Nord Stream 2 Pipelay Operations Resume
Despite U.S. sanctions, the Russian pipelay barge Fortuna is forging ahead with work to finish the final 80-nautical mile stretch of the Nord Stream 2 pipeline. Danish authorities told Bloomberg on Sunday that the vessel is on site and conducting "preparatory work" before resuming operations.
The project is 93 percent complete, and the last segment has been delayed for more than a year by U.S. sanctions on participants. Pipelay operator Allseas, certification body DNV and insurer Zurich Insurance have all bowed out under the threat of U.S. penalties, but the lead developer - Russian energy company Gazprom - has tenaciously pursued the pipeline's completion.
Nord Stream 2 has all permitting in place to move forward in Danish and German waters, and it has enthusiastic backing from Germany's top political leaders. Russian natural gas offers an inexpensive alternative to coal and nuclear power, which Germany is attempting to wind down in coming years.
The European Parliament has joined the U.S. in calling for a halt to the pipeline's construction, though for different reasons. European members of parliament are concerned by the Russian government's interactions with opposition political leader Alexei Navalny, who was recently poisoned with a military-grade nerve agent while traveling in Siberia. Navalny recovered at a hospital in Germany, and he flew home to Russia on January 17. He was immediately arrested by Russian police and sentenced to 30 days in prison, leading to street protests, a nonbinding resolution in the EU Parliament and statements of opposition from European leaders.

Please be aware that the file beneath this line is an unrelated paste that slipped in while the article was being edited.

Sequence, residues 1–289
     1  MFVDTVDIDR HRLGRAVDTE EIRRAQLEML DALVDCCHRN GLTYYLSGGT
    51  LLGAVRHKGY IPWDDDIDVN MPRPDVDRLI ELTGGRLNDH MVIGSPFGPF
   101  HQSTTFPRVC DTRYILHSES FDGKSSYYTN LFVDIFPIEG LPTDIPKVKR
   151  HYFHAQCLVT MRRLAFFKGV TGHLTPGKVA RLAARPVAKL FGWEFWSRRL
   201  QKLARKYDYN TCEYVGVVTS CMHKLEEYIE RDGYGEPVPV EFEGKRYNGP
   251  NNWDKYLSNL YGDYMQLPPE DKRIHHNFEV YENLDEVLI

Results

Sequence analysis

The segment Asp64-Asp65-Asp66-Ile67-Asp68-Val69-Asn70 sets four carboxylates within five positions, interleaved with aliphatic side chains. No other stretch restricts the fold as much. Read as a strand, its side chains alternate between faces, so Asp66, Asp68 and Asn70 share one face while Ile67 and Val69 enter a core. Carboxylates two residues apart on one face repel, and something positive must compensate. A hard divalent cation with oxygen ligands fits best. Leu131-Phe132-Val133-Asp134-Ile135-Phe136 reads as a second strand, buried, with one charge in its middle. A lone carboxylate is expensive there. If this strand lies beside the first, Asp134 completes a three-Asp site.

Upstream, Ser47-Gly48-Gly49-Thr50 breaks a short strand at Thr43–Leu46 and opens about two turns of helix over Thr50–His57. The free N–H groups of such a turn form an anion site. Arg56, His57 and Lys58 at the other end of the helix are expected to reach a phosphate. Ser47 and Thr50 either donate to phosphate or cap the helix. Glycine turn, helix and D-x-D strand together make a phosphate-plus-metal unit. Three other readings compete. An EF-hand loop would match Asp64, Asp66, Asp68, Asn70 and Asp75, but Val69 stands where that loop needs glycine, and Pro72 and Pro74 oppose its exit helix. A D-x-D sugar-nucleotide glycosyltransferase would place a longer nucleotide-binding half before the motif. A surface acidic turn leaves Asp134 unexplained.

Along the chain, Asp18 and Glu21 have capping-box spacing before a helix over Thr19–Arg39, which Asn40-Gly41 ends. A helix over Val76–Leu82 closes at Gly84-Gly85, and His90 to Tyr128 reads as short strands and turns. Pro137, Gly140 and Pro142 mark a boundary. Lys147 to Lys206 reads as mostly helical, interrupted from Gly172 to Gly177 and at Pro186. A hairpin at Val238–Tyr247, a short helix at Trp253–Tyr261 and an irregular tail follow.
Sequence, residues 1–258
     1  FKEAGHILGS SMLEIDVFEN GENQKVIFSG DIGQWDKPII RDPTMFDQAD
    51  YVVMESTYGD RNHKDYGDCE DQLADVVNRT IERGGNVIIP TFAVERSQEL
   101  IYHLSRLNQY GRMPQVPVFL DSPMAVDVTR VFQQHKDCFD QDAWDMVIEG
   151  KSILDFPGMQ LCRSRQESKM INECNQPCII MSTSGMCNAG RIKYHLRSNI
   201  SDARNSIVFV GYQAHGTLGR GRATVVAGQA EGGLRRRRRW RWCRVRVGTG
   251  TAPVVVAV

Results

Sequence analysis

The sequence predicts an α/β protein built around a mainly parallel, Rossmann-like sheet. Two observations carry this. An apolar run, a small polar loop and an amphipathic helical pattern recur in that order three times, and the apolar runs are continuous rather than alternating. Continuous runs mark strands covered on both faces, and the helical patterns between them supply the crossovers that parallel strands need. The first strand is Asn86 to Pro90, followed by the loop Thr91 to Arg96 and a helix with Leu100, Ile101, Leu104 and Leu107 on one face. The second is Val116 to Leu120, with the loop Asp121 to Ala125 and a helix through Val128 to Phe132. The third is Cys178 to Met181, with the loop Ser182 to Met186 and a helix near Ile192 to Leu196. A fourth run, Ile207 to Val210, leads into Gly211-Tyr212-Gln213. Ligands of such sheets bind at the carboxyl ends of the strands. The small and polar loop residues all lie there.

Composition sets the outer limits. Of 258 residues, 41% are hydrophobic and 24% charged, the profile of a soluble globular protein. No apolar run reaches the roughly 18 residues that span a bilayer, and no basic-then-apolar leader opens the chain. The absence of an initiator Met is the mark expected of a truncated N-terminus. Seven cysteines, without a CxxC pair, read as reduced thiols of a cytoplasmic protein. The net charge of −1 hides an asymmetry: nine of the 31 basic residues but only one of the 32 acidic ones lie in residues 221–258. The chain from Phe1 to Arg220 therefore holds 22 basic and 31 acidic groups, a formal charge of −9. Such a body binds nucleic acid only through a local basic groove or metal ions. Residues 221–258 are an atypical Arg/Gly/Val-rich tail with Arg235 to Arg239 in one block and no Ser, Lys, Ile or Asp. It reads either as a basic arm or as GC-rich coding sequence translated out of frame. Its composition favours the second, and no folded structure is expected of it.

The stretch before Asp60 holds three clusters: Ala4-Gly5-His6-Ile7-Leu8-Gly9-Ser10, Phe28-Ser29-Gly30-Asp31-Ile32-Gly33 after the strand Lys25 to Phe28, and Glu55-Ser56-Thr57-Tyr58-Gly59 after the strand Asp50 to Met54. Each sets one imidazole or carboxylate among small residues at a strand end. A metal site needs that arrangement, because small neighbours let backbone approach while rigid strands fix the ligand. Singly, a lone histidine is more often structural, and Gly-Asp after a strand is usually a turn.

The Navalny affair has not deterred German Chancellor Angela Merkel from seeing Nord Stream 2 completed.
"My basic attitude has not yet changed in such a way that I would say that the project shouldn't happen," Merkel said at a press conference on Thursday. "We will of course speak with the new American administration. We must also talk about what economic relationships with Russia in the gas sector are acceptable and what aren't. And it's not as if there were absolutely no trade relations between the United States of America and Russia in the oil sector, for example."
Merkel's expected successor, German CDU party leader Armin Laschet, said Monday that he would not reconsider his support for Nord Stream 2. "No," he told Reuters.